One of the unintended consquences of the expansion of large law firms is that this trend may drive more lawyers to start their own firms. Think about it - though large firms hope that increased size will foster economies of scale and result in savings, there's still a whole lot of overhead involved in running a big firm. So to increase profits, firms will cut non-producing partners from the ranks and raise hourly rates.
So what's a lawyer to do when his clients can no longer afford him? Most of the conventional wisdom that I see here on the web would counsel lawyers in this position to cut clients who can't pay and raise rates even more as proof of value. Fortunately, most lawyers, myself included, don't buy that logic; we realize that there's a market out there for rates that are lower than market but nonetheless substantial enough to make big profits. And that seems to have been the motivation for Simon Bloom, a former attorney at Biglaw firm Powell Goldstein, who just put up a shingle, according to this article, Powell Goldstein Lawyer Steps Out to Open His Own Firm (3/15/07).
Listen to what Goldstein had to say:
"It's always been a dream of mine to go out on my own and offer my services to a wider market," said Bloom, 35, of his decision to open his own firm. He had practiced at Powell Goldstein since 1997. He explained that big-firm rates were pricing him out of what he sees as a "huge middle market."
He said that at Powell Goldstein he billed clients $385 an hour, adding that his rate there was about to increase to $405 an hour. "Only the Fortune 1000 could afford my rates -- and there are only so many of those clients to go around that have real estate issues," he said. His new rate is $295. "If you want a Powell Goldstein-quality trial lawyer, you're not going to get a better deal," he said.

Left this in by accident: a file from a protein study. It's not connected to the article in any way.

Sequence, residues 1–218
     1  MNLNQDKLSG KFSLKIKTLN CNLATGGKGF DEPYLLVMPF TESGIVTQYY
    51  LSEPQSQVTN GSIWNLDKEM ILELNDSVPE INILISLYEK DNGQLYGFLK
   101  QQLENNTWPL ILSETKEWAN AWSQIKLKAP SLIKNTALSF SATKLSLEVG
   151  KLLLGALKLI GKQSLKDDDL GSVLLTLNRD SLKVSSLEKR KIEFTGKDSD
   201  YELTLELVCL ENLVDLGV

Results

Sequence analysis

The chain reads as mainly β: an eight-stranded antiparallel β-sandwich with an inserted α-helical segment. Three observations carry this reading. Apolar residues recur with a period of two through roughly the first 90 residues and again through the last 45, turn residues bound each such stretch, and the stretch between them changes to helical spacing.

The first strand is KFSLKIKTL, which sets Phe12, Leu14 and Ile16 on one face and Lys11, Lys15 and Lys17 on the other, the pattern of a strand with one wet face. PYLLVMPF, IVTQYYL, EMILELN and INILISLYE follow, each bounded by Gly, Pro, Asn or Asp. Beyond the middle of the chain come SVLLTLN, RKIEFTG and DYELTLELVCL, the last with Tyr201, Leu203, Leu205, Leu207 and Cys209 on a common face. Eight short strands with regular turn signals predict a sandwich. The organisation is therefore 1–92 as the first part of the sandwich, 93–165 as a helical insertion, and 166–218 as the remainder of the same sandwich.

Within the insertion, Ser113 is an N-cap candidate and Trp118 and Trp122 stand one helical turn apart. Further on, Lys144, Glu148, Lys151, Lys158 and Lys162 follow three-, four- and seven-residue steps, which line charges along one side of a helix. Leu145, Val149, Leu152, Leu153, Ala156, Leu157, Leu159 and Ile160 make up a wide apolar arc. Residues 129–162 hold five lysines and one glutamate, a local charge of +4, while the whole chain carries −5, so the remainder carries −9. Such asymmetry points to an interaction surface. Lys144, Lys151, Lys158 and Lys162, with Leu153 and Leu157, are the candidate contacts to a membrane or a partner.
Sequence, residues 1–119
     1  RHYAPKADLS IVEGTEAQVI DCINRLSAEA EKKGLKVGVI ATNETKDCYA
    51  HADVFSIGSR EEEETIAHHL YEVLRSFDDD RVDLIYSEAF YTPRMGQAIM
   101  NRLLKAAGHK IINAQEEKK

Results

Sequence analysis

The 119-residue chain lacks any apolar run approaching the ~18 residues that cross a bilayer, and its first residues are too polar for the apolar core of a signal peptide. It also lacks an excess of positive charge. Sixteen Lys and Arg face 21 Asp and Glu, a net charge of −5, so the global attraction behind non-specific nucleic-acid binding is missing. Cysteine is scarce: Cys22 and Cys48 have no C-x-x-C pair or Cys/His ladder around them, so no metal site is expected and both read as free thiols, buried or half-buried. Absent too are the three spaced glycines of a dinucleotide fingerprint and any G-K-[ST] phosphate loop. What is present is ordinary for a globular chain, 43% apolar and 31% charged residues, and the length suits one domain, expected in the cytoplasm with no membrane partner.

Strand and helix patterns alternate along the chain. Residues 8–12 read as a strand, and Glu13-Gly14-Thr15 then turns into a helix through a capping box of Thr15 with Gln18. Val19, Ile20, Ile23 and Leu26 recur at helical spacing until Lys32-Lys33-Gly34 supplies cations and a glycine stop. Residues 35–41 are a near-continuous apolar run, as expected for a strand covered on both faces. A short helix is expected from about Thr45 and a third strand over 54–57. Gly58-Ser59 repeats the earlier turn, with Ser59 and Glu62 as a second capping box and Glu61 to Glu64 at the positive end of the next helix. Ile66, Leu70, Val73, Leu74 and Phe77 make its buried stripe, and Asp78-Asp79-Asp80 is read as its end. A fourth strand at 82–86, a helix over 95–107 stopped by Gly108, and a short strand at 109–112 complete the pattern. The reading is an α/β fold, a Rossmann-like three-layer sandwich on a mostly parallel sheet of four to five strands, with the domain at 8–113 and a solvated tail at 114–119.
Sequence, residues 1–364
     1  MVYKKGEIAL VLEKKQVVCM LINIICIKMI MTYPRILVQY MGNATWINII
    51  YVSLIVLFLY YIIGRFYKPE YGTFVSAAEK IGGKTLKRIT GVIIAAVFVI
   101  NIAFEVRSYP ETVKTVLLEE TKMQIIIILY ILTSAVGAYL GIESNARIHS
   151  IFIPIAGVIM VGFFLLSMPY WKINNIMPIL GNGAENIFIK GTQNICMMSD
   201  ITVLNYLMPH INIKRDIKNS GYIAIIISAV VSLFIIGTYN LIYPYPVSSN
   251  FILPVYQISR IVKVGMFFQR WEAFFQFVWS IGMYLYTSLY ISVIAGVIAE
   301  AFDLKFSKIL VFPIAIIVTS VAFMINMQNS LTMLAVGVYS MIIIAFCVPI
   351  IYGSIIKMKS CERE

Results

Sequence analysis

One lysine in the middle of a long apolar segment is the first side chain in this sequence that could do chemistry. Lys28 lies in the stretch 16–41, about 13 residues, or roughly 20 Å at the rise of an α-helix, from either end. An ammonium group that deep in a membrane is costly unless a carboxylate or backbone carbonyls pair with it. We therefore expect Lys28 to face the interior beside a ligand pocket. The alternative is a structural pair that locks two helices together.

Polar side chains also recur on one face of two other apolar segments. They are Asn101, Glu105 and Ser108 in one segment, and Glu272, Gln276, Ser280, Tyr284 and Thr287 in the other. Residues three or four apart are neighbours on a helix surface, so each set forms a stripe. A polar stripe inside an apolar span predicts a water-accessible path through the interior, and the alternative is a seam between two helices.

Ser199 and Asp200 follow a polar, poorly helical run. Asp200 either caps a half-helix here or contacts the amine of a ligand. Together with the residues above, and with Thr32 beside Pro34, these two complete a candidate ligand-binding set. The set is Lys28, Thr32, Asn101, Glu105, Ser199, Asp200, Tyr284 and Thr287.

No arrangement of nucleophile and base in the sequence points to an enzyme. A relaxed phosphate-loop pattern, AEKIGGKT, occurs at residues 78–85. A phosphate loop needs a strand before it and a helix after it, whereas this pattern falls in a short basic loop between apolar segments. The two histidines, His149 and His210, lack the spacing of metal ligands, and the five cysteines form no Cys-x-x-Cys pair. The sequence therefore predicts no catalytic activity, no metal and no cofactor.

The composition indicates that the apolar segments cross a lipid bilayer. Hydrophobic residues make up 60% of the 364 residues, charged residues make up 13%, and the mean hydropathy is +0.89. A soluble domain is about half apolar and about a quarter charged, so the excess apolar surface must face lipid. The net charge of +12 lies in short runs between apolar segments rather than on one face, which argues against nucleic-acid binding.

My thoughts exactly.
A Cool Marketing Idea from Sharmil McKee: The Harpers Index
I've always enjoyed the Harpers Index and its ability to convey so much information in so few words. So that's probably why I was so impressed with Philadelphia based attorney Sharmil McKee's marketing sheet entitled Interesting Facts About Sharmil McKee. In contrast to a lengthy firm resume, the fact sheet offers just the facts such as number of clients served, average dollar value of transactions, number of transactions handled by Attorney McKee. It's a persuasive and attractively packaged document that answers all of the questions that you'd want a prospective client to ask.
Other advantages of the fact sheet: you don't need to include dates which might reveal lack of experience (for example, you may have only practiced for 6 months directly out of law school) or too much experience (you may have been working as an attorney for 30 years but just started a practice and haven't had much experience in a new field). And, you don't need to specify where you acquired the experience. So, for example, in my case, if I were to list "number of federal circuit court appeals briefed and/or argued," I could claim around 38 (even though only 2/3 of those have been at my own practice, while the others have been with other attorneys or firms).
I'm going to prepare a fact sheet for my practice. How about the rest of you?
Editor's Note: you have a really neat practice idea that you've not seen used elsewhere and that you'd like me to write up at MyShingle, just drop me a line at firstname.lastname@example.org and I'll try to post it here.